the Japanese whisky giant that also has holdings in Scotland, has
launched another single malt in the American market. Hakushu 12-Year-Old
brings to three (along with the Yamazaki single malts and Hibiki
blends) the number of that company’s brands available in the United
Suntory turned to the second distillery it built in Japan for this latest expression, and makes a point of trumpeting its mountainous location as having informed the whisky. Extremely pure water and plush forests originally brought the Suntory to this relatively remote location in what’s called the “Japanese Alps.” Granite mountains filter the water and the area is home to 6,000 indigenous plants. The climate is also chillier than at the Yamazaki distillery by an average of about 10 degrees Fahrenheit.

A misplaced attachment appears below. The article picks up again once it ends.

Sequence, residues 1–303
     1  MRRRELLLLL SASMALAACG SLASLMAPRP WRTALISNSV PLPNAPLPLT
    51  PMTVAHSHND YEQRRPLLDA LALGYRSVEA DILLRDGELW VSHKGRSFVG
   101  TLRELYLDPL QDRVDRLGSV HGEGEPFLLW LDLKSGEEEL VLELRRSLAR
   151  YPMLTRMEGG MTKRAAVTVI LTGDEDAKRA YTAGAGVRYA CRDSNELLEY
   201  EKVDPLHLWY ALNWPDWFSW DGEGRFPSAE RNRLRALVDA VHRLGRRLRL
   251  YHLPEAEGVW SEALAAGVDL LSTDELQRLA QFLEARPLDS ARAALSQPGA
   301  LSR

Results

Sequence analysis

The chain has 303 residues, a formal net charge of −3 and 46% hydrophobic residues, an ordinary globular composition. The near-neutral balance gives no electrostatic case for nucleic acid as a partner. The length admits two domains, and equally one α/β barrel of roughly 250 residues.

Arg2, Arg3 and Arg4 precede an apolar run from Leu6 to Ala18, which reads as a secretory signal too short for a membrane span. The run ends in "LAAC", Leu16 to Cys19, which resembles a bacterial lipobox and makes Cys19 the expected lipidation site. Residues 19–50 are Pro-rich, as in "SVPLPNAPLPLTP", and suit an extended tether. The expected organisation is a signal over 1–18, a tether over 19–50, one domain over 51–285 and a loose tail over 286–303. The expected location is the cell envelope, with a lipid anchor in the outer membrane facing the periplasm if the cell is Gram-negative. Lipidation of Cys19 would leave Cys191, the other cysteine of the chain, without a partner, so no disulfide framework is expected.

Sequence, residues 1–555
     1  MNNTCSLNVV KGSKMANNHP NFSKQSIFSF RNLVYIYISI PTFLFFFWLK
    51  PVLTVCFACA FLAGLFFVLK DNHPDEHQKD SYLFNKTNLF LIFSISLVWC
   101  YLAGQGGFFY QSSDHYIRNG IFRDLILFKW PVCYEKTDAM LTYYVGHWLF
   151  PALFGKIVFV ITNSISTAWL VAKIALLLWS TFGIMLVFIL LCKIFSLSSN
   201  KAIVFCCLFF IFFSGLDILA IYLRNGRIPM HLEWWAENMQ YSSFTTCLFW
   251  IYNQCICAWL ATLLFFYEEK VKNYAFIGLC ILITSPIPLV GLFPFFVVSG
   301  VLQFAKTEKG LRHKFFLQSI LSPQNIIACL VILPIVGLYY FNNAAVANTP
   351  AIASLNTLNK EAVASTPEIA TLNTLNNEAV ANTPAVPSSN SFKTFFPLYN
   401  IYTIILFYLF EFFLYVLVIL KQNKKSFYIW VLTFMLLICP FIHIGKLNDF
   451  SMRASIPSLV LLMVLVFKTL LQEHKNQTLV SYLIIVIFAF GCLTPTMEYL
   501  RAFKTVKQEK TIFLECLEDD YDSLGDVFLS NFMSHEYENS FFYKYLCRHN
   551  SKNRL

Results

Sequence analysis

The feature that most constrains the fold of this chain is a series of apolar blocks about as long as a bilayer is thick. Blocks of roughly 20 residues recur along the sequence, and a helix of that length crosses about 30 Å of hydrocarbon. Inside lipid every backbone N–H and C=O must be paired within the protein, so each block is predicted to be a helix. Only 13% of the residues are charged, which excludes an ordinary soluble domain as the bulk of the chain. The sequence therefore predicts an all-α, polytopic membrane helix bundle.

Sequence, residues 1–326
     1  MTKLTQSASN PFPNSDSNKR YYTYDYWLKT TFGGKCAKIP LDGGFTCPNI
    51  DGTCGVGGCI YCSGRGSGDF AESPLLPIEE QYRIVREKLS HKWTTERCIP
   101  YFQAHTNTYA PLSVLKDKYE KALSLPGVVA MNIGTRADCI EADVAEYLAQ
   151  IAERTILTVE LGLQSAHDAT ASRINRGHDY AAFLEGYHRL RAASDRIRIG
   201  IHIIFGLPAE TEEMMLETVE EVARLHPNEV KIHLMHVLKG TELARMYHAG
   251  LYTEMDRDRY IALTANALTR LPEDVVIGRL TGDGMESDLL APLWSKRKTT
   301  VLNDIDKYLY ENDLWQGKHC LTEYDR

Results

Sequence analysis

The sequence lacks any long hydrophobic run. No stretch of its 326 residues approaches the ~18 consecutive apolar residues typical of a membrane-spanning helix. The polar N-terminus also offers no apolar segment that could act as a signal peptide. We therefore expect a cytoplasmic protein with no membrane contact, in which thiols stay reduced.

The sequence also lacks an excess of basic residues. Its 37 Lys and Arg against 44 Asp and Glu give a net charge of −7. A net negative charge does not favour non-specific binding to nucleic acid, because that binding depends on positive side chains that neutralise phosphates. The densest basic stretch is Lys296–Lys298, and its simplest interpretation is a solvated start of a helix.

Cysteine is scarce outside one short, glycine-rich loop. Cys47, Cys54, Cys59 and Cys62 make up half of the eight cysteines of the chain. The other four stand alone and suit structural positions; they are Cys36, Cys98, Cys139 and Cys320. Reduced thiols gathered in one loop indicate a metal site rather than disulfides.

Hakushu distillery was erected in 1973 (50 years after Yamazaki was founded) and was, for a time, the largest malt distillery in the world as well as being at one of the highest altitudes.
Whatever causes its particular taste profile, Hakushu 12-Year-Old should be a welcomed addition to any liquor locker with an emphasis on Eastern flavors.
Hakushu 12-Year-Old (43 percent alcohol or 86 proof, $60)
APPEARANCE: Light lemon color, delicate legs that are medium quick.
NOSE: Very fruity, pear- and plum-like, at first, it reveals its complexity after a moment as the nose develops through wood and notes into some bamboo and tea bouquets.
PALATE: This is where the whisky shows its indigenous character with ginger, pine, bamboo, mint, subtle spices and the return of pears and plums with banana as well.
FINISH: The ending, while not long, ushers in tea flavors and features the return of the peat.